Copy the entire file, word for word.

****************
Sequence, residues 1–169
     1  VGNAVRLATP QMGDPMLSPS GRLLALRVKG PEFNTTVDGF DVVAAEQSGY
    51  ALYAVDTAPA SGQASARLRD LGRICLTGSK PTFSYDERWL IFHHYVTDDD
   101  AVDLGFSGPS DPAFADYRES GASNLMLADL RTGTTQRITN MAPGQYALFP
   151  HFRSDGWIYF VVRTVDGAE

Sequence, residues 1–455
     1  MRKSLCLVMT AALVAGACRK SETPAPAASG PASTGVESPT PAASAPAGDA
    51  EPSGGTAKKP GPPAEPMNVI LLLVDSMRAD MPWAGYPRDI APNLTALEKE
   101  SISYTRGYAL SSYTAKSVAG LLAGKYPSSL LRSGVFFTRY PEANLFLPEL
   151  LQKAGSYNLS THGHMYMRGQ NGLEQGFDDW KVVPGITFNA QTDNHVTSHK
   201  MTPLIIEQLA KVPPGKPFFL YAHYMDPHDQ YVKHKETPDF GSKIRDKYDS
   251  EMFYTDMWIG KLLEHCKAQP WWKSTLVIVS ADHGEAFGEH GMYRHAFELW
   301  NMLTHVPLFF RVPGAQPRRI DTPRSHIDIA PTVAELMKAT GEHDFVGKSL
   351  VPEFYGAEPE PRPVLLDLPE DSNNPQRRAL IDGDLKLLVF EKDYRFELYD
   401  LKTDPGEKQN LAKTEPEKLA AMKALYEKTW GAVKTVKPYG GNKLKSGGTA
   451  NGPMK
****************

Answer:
Sequence, residues 1–169
     1  VGNAVRLATP QMGDPMLSPS GRLLALRVKG PEFNTTVDGF DVVAAEQSGY
    51  ALYAVDTAPA SGQASARLRD LGRICLTGSK PTFSYDERWL IFHHYVTDDD
   101  AVDLGFSGPS DPAFADYRES GASNLMLADL RTGTTQRITN MAPGQYALFP
   151  HFRSDGWIYF VVRTVDGAE

Sequence, residues 1–455
     1  MRKSLCLVMT AALVAGACRK SETPAPAASG PASTGVESPT PAASAPAGDA
    51  EPSGGTAKKP GPPAEPMNVI LLLVDSMRAD MPWAGYPRDI APNLTALEKE
   101  SISYTRGYAL SSYTAKSVAG LLAGKYPSSL LRSGVFFTRY PEANLFLPEL
   151  LQKAGSYNLS THGHMYMRGQ NGLEQGFDDW KVVPGITFNA QTDNHVTSHK
   201  MTPLIIEQLA KVPPGKPFFL YAHYMDPHDQ YVKHKETPDF GSKIRDKYDS
   251  EMFYTDMWIG KLLEHCKAQP WWKSTLVIVS ADHGEAFGEH GMYRHAFELW
   301  NMLTHVPLFF RVPGAQPRRI DTPRSHIDIA PTVAELMKAT GEHDFVGKSL
   351  VPEFYGAEPE PRPVLLDLPE DSNNPQRRAL IDGDLKLLVF EKDYRFELYD
   401  LKTDPGEKQN LAKTEPEKLA AMKALYEKTW GAVKTVKPYG GNKLKSGGTA
   451  NGPMK